(Apologies for the size of this patch, I couldn't make a smaller one
that was validate-clean and also made sense independently)
(Some of this code is derived from GHCJS.)
This commit adds support for running interpreted code (for GHCi and
TemplateHaskell) in a separate process. The functionality is
experimental, so for now it is off by default and enabled by the flag
Reaosns we want this:
- compiling Template Haskell code with -prof does not require building the code without -prof first
- when GHC itself is profiled, it can interpret unprofiled code, and the same applies to dynamic linking. We would no longer need to force -dynamic-too with TemplateHaskell, and we can load ordinary objects into a dynamically-linked GHCi (and vice versa).
- An unprofiled GHCi can load and run profiled code, which means it can use the stack-trace functionality provided by profiling without taking the performance hit on the compiler that profiling would entail.
Amongst other things; see
https://ghc.haskell.org/trac/ghc/wiki/RemoteGHCi for more details.
Notes on the implementation are in Note [Remote GHCi] in the new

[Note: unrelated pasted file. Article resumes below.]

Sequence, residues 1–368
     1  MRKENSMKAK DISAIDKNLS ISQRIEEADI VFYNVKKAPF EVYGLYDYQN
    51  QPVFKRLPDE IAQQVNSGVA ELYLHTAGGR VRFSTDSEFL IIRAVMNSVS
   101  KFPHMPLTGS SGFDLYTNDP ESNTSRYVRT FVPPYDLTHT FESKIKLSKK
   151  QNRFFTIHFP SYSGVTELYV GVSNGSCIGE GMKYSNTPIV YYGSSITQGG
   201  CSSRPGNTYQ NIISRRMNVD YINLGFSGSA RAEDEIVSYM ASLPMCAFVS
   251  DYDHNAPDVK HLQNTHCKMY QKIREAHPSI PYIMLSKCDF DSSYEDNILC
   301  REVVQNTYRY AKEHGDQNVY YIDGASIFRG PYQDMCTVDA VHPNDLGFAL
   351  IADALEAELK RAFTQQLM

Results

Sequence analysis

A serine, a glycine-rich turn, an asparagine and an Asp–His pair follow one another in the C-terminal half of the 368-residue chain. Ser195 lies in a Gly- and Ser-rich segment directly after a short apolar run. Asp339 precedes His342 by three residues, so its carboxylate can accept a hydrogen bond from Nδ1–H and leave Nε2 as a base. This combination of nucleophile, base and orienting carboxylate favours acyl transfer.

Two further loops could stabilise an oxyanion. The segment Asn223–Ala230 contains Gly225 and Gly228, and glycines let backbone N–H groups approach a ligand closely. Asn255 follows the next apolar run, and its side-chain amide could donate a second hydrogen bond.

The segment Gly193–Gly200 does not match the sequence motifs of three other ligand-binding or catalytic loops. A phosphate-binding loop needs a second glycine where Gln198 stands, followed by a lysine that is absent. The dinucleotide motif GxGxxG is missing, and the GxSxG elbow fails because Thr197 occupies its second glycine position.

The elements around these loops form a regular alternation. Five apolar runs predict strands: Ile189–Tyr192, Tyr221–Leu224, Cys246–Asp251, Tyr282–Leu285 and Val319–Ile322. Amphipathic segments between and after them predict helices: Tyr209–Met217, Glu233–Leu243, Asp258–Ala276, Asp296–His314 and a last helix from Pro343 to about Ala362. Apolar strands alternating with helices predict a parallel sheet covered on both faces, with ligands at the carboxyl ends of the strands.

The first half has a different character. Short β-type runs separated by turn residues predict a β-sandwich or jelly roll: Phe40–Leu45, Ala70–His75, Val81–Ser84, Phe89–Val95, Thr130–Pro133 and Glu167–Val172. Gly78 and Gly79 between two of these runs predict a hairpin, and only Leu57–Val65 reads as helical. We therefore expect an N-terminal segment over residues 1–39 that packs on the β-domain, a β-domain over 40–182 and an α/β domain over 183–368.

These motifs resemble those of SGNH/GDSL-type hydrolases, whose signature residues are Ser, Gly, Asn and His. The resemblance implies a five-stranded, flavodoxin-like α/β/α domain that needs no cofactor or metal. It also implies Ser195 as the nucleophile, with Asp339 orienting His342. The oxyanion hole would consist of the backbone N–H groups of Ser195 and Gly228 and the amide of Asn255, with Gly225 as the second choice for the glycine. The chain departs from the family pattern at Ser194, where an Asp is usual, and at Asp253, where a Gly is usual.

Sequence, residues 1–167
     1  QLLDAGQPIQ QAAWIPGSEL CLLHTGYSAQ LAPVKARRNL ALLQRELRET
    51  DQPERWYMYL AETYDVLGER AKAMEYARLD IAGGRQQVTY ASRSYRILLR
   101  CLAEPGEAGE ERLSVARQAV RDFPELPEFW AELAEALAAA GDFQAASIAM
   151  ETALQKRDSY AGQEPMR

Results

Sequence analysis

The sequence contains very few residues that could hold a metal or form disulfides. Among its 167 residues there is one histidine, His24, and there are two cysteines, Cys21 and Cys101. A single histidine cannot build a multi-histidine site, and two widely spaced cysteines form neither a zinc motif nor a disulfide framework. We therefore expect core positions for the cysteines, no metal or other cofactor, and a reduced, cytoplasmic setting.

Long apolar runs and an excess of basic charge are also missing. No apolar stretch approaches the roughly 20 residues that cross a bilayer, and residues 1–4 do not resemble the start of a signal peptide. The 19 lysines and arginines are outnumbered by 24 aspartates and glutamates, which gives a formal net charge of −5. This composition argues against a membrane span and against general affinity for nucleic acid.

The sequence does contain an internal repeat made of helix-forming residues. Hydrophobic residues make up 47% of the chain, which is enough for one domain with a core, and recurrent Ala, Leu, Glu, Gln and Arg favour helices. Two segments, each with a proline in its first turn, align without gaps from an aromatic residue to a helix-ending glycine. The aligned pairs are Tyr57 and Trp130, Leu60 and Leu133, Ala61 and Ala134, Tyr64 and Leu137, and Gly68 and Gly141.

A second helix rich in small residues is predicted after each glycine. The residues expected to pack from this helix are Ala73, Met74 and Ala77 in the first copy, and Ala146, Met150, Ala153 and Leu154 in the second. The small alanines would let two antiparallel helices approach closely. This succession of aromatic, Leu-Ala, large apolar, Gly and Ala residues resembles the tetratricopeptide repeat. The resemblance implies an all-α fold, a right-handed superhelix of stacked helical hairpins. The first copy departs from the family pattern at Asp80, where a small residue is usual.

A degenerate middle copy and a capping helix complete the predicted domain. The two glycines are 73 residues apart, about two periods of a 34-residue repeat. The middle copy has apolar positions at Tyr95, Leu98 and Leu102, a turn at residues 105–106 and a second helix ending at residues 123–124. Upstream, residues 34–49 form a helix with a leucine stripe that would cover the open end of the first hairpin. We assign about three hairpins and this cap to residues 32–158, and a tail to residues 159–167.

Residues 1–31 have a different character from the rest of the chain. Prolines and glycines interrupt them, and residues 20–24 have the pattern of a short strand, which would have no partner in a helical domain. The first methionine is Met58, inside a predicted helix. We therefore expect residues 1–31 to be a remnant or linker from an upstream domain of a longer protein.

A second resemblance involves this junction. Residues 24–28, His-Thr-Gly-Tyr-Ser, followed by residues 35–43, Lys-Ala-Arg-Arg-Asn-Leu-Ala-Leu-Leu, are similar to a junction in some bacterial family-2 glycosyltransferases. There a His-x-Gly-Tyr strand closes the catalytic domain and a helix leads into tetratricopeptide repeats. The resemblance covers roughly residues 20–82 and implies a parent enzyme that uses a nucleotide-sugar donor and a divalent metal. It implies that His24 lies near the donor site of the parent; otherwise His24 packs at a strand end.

module compiler/ghci/GHCi.hs. It probably needs more documenting,
feel free to suggest things I could elaborate on.
Things that are not currently implemented for -fexternal-interpreter:
- The GHCi debugger
- :set prog, :set args in GHCi
- recover in Template Haskell
- Redirecting stdin/stdout for the external process
These are all doable, I just wanted to get to a working validate-clean
I also haven't done any benchmarking yet. I expect there to be slight hit
to link times for byte code and some penalty due to having to
serialize/deserialize TH syntax, but I don't expect it to be a serious
problem. There's also lots of low-hanging fruit in the byte code
generator/linker that we could exploit to speed things up.